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Old 03-08-2013, 12:28 PM
 
Location: Beavercreek, OH
2,194 posts, read 3,014,610 times
Reputation: 2334

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Quote:
Originally Posted by unusualfire View Post
What do you mean not supporting? If people don't park because of high prices. The company will lower the price. That's universal. They are limited to increase the rates .25 cents every 3 years. If that breaks your bank you should not even be driving at all.
Hi unusualfire--

If you think the company will be that accountable to the city then you're dreaming.

I guarantee you'll start getting complaints almost immediately when parking prices rise - not from ordinary people who will just vote with their feet and shop in the suburbs, but rather business owners in the city who are losing business because parking is prohibitively expensive.

As far as raising the rates 25 cents every three years, by what measurement of time are we talking? 25 cents per hour, 25 cents per half hour, or some other measurement?

I remember going to watch the Hamilton County court of common pleas one morning and over the next three hours I emptied a whole roll of quarters into a street meter because all the nearby parking lots were already filled up. I've been much more selective ever since about my visits to that courthouse despite the rapport I've established with the judges there.

I would hate to see what happens if the parking gets privatized.
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Old 03-08-2013, 12:36 PM
 
1,295 posts, read 1,520,060 times
Reputation: 687
I'm skeptical of the plan, but rising rates is not obviously a problem. If people stop coming to a neighborhood, the rates will necessarily come back down. People coming and parking is necessary for a rate increase to work as intended, and if people are coming and parking, it's only a problem for the biggest cheapskates, who are not going to be spending much at the nearby businesses anyway.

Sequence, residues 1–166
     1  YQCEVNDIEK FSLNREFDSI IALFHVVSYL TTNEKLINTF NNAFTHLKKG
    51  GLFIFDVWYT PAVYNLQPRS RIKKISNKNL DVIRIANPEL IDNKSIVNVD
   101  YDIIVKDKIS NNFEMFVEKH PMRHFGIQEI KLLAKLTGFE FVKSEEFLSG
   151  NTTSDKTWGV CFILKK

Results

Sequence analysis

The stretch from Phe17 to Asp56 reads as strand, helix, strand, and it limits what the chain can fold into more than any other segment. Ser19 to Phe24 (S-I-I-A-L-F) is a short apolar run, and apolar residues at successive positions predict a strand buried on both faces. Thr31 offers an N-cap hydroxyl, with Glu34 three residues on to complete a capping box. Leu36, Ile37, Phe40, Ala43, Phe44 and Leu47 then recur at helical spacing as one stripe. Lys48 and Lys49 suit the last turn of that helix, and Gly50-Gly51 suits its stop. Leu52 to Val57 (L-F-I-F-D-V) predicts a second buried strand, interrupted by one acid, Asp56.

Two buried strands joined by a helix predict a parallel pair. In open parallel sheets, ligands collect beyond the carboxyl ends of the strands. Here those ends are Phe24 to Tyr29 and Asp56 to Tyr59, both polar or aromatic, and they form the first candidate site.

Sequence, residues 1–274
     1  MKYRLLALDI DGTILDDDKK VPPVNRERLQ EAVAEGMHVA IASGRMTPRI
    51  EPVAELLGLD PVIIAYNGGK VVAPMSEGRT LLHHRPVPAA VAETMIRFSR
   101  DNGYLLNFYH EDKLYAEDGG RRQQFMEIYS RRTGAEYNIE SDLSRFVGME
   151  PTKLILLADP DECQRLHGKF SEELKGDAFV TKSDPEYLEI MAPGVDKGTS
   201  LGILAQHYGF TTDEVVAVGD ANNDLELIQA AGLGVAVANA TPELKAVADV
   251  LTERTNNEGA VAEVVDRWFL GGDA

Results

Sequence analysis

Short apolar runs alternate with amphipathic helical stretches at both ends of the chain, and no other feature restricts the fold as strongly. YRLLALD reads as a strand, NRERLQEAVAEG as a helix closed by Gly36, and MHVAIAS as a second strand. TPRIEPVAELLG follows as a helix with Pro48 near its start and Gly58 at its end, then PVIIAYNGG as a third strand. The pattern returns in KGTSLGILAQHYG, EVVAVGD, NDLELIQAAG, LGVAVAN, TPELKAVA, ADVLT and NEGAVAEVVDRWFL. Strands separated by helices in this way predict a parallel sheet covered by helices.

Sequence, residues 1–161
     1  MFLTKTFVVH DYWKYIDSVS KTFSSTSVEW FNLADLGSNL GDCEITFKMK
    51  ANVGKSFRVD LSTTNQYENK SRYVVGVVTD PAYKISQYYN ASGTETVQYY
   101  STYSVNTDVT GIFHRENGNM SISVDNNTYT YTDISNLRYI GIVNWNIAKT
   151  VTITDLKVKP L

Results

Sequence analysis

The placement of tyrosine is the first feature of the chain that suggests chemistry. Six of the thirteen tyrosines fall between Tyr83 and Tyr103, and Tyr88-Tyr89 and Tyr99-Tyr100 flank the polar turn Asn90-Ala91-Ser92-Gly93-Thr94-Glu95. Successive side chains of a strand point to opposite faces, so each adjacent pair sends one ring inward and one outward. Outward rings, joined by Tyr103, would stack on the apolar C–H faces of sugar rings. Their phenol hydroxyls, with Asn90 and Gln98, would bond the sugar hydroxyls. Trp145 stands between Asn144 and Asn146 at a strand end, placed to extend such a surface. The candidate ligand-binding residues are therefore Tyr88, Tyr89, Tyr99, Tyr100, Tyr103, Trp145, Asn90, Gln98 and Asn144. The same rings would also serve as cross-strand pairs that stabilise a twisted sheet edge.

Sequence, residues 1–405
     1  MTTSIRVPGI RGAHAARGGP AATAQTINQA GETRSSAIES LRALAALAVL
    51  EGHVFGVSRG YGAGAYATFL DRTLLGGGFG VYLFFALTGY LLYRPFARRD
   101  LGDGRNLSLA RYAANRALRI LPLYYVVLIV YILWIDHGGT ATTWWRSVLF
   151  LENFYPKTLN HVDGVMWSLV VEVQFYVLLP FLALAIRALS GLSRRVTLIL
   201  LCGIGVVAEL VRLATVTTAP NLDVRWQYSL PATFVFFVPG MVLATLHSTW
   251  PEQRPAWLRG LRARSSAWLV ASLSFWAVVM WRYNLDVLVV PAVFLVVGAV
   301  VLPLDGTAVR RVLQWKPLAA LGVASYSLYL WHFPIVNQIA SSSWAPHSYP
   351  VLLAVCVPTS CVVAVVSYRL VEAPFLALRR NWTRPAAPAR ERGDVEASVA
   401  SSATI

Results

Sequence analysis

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Old 03-08-2013, 12:38 PM
 
307 posts, read 441,032 times
Reputation: 98
So what happened to the cry of Govt. can't do anything right, let a private company do it and the market decide the price?
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Old 03-08-2013, 12:47 PM
 
Location: Cincinnati(Silverton)
1,576 posts, read 2,303,702 times
Reputation: 651
Quote:
Originally Posted by hensleya1 View Post
Hi unusualfire--

If you think the company will be that accountable to the city then you're dreaming.

I guarantee you'll start getting complaints almost immediately when parking prices rise - not from ordinary people who will just vote with their feet and shop in the suburbs, but rather business owners in the city who are losing business because parking is prohibitively expensive.

As far as raising the rates 25 cents every three years, by what measurement of time are we talking? 25 cents per hour, 25 cents per half hour, or some other measurement?

I remember going to watch the Hamilton County court of common pleas one morning and over the next three hours I emptied a whole roll of quarters into a street meter because all the nearby parking lots were already filled up. I've been much more selective ever since about my visits to that courthouse despite the rapport I've established with the judges there.

I would hate to see what happens if the parking gets privatized.
Why are you commenting on a deal you know nothing about or didn't read?

It's clearly $25 cents an hour.
Schedule 5
http://library.constantcontact.com/d...e-Contract.pdf
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Old 03-08-2013, 12:49 PM
 
Location: Cincy
252 posts, read 860,317 times
Reputation: 104
Quote:
Originally Posted by natininja View Post
I'm skeptical of the plan, but rising rates is not obviously a problem. If people stop coming to a neighborhood, the rates will necessarily come back down. People coming and parking is necessary for a rate increase to work as intended, and if people are coming and parking, it's only a problem for the biggest cheapskates, who are not going to be spending much at the nearby businesses anyway.
Sorry, I dont for one minute think that rates will ever go down, they will always increase, just like every other city that has privatized parking(indy, chicago, dc, et al)